QUT ePrints

Towards Healthier Decision Making: A call for a multi criteria approach

Casali, Gian Luca (2006) Towards Healthier Decision Making: A call for a multi criteria approach. In Cohen, Stephen (Ed.) 13th Conference Australian Association for Professional & Applied Ethics (AAPAE), 12-14 June 2006, University of New South Wales (Sydney, Australia). (Unpublished)

Abstract

Recently, the pages of the newspapers have been filled with many disturbing headlines about the health sector crisis, and especially professional staff working at the public hospitals. The scandal of Dr Patel at the Bundaberg Hospital and the unqualified Russian refugee who posed as a psychiatrist and treated more then 250 mental patients are only a few examples of a Health sector with significant problems. In order to cure the current situation of the Health sector, more is required than just changing a few senior managers as "scapegoats". There is therefore a vital need for a more ethical approach to decision making at all levels of the organization. In this atmosphere of uncertainty and unhappiness in relation to the Health sector, decision makers in the health sector need a decision making tool that would assist them in making more ethical decisions. In order to meet that need a multi criteria framework for decision makers that combines a variety of ethical principles has been developed. This paper refers to that ethical multi criteria framework as "Healthier Decision", and it incorporates ideologies derived from four schools of moral philosophies such as Egoism, Utilitarian, Virtue Ethics and Deontology. Thus, the multi criteria for Healthier Decision, varies from Guaranteeing that no one’s dignity will be violated, to Maintaining at all times a fair process that allows everyone to state their opinions no matter if they are minor or major stakeholders.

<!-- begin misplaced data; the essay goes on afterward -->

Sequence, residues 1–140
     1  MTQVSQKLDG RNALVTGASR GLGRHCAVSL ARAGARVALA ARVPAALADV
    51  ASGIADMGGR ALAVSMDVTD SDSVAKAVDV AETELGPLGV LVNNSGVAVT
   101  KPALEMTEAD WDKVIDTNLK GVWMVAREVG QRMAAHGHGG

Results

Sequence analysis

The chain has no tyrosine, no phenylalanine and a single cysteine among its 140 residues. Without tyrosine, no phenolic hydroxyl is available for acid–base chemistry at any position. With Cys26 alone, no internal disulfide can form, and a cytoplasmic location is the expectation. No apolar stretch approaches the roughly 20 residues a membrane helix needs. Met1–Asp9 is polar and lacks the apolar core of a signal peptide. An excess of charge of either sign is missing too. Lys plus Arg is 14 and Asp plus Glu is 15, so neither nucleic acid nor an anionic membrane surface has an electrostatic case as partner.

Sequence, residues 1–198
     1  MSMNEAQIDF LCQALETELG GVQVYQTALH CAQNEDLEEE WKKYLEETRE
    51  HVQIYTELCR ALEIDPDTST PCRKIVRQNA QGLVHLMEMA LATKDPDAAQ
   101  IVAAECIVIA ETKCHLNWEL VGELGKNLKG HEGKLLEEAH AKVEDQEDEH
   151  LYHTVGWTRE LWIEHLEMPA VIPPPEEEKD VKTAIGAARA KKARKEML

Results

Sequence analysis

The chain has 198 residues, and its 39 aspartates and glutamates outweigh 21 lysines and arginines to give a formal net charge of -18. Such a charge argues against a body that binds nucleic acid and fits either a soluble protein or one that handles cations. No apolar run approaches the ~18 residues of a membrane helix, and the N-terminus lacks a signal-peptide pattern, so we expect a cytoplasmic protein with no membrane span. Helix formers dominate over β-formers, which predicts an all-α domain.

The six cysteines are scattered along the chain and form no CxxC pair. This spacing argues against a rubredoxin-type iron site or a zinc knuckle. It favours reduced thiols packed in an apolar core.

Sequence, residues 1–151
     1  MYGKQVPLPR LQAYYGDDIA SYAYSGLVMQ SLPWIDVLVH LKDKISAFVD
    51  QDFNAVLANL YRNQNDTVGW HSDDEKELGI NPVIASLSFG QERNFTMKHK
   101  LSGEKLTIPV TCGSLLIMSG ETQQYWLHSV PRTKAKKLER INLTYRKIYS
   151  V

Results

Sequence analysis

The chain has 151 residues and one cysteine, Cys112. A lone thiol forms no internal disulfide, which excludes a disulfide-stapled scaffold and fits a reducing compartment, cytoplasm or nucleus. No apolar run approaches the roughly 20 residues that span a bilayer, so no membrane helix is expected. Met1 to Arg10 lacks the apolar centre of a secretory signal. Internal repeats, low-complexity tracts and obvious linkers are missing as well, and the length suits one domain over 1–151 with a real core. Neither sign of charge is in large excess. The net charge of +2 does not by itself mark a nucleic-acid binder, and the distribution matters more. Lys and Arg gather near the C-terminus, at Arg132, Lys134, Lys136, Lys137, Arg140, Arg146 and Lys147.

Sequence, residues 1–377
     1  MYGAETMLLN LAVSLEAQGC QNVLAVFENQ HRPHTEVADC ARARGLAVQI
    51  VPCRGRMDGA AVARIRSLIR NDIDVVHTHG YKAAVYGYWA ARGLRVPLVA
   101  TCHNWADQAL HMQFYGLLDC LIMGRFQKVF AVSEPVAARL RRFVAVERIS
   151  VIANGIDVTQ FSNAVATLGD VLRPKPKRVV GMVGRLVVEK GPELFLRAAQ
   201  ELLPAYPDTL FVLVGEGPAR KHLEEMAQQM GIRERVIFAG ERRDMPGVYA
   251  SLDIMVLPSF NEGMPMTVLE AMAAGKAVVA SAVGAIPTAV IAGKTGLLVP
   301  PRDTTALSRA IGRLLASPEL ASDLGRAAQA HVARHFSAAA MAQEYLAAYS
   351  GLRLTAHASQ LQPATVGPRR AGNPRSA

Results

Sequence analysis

Impact and interest:

Citation countsare sourced monthly from Scopus and Web of Science® citation databases.

These databases contain citations from different subsets of available publications and different time periods and thus the citation count from each is usually different. Some works are not in either database and no count is displayed. Scopus includes citations from articles published in 1996 onwards, and Web of Science® generally from 1980 onwards.

Citations counts from the Google Scholar™ indexing service can be viewed at the linked Google Scholar™ search.

Full-text downloads:

1,908 since deposited on 31 Oct 2006
334 in the past twelve months

Full-text downloadsdisplays the total number of times this work’s files (e.g., a PDF) have been downloaded from QUT ePrints as well as the number of downloads in the previous 365 days. The count includes downloads for all files if a work has more than one.

ID Code: 5362
Item Type: Conference Paper
Additional URLs:
Keywords: Business Ethics, Decision Making, Organizational Culture, Hospitals, Queensland Health
Subjects: Australian and New Zealand Standard Research Classification > COMMERCE MANAGEMENT TOURISM AND SERVICES (150000) > BUSINESS AND MANAGEMENT (150300) > Business and Management not elsewhere classified (150399)
Divisions: Current > QUT Faculties and Divisions > QUT Business School
Copyright Owner: Copyright 2006 (please consult author)
Deposited On: 31 Oct 2006
Last Modified: 05 Jan 2011 23:28

Export: EndNote | Dublin Core | BibTeX

Repository Staff Only: item control page